Scam alert: Bozeman business scammed for $25,000 from a manageme - ABC FOX Montana Local News, Weather, Sports KTMF | KWYB

Scam alert: Bozeman business scammed for $25,000 from a management company

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BOZEMAN -

As fraudsters grow more daring with schemes targeting businesses, Better Business Bureau warns business owners and purchasing agents to be on the lookout for fake purchase orders.

A recent scam targeting businesses and involving phony purchase orders has cheated business owners across the United States out of more than $950,000 in reported losses so far and now hits a local Bozeman cleaning supply store.

The business Waterford Management contacted the House of Clean in Bozeman looking for a large credit purchase of items like Downy and Bounce. It wasn't until they sent over $25,000 worth of product before they realized it was a scam. Now one employee hopes to warn other before making the same mistake.

"I was completely in all over the whole thing I literally lost sleep over the whole situation, said Shelly Bogle, House of Clean Employee.

Shelly Bogle a sales employee at House of Clean was the employee who dealt with the scammers.

"You don't think it's gonna happen in Montana, I felt like I let them down which I did let $25,000 worth of product that let go out the door for free," said Bogle.

She says her company and her felt like everything about the company Waterford Management seemed credible.

“I had search and search online when I first got this credit application from this customer their website looked awesome it was very informative it looked very legit," said Bogle.

When she asked the company why they wanted to order from House of Clean they responded: “that they managed facilities in Montana specifically in Billings in Great Falls and that it was just easier to get that product from a local vendor and so they had the right answers for everything."

When the shipment was sent that's when the company went dark without paying for the products.

“You couldn't get a hold of anybody from management anymore the phone messages kept on going to voice mail emails weren't being returned," said Bogle.

Bogle is hoping that no one else has to go through what happened to her.

“I don't want anyone else to fall for that and that's just a huge burden for an employee at a company,” said Bogle.

Here is some information from the Better Business Bureau so you don’t get scanned by companies like this.

How the Scam Works:

A fraudulent business rents a virtual office and creates an online presence. They open a bank account. They create marketing materials that they send out to suppliers around the country. They even create fake online entities to serve as references for them.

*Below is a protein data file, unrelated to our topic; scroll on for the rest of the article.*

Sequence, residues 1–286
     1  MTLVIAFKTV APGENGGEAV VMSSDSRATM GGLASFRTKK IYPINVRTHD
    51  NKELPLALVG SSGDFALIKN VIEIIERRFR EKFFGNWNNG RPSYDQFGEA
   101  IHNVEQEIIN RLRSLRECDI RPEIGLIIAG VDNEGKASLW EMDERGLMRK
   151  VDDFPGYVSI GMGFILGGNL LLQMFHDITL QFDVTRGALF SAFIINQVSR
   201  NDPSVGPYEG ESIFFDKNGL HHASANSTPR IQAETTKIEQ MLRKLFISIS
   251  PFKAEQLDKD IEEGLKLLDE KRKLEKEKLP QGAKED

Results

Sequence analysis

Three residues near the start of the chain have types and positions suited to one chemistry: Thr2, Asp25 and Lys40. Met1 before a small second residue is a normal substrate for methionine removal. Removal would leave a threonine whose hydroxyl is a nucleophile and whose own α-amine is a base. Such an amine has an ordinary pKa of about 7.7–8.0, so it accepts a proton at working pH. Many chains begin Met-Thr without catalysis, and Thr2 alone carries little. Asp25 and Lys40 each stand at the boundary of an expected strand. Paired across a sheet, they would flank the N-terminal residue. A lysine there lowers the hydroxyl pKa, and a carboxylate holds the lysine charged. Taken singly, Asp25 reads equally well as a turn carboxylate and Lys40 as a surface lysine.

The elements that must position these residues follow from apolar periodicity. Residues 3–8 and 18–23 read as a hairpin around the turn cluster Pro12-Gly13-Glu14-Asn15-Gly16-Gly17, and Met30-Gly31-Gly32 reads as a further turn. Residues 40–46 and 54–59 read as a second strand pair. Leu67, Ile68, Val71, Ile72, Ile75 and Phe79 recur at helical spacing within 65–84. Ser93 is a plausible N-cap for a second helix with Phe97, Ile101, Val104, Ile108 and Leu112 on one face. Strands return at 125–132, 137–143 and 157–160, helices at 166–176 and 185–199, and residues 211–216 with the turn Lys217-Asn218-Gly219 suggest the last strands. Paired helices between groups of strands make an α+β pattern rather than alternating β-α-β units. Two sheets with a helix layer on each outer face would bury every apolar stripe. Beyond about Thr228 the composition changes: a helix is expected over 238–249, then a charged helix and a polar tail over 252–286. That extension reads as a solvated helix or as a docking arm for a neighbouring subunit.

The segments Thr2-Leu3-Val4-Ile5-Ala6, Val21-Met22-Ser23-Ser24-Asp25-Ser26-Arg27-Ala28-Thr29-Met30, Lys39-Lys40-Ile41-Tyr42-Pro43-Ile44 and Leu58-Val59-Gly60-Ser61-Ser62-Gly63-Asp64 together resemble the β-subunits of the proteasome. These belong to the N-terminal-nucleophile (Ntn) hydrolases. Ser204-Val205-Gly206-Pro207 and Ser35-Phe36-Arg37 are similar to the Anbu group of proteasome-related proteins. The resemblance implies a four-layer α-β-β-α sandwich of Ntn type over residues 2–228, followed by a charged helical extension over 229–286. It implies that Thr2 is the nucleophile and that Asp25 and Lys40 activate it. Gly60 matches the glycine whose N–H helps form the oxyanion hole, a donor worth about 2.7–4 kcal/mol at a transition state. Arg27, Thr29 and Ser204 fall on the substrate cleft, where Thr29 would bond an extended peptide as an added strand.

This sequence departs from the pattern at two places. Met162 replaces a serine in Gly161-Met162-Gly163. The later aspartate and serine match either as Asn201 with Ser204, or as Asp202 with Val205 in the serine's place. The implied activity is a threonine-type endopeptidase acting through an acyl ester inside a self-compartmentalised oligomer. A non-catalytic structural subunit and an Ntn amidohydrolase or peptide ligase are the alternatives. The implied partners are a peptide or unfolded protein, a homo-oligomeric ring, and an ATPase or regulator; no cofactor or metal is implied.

After a quick look, they seem legitimate, so when they order merchandise, businesses fulfill the orders – only to find out later that they fell for a scam and will not be paid.

To avoid phony purchase orders, BBB advises business owners and purchasing agents to:

  • Watch out for unusually large orders. Scammers often target smaller businesses and place large orders, hoping the chance of profit overrides their victims’ judgment. Large orders – particularly from new customers – are often a red flag.
     
  • Be leery of email-only solicitations. Many scams have roots overseas. Watch out for situations where email is the only form of contact. Also, be on the lookout for misspellings and grammatical errors in solicitations you receive.
     
  • Do your research. Visit bbb.org to research businesses looking to do business with you. Keep in mind that business identity theft is a growing issue. Fraudsters often impersonate legitimate businesses in the hopes of defrauding unsuspecting businesses.
     
  • Confirm everything. If you receive an order from a potential new customer, even a business with an established track record, it is a good idea to verify the order directly with the company. Make sure you are using accurate contact information and do not just use the phone number on the purchase order you have received.
     
  • Make sure the references are real. In this day and age, creating fake online entities is fairly easy. When you are doing your research, go beyond a simple phone call. Do an internet search on the company seeking to do business with you as well as their references. Legitimate companies should have a digital ‘footprint.’ If you can’t find much on a given company, it could mean they are new or it could mean they are not what they seem.
     
  • Trust your instincts. A business owner who received a fake purchase order recently said the size of the order raised a red flag. So did the fact that they were not asked for a competitive bid. In addition, BBB regularly hears from consumers and business owners who state they ‘just knew something was wrong,’ but failed to heed that instinct. If something seems off to you, pay close attention to that feeling.
     
  • Have a process in place. When it comes to handling orders, make sure you have a reliable system in place to vet and verify those orders, and that all of your staff are fully trained to follow this process.

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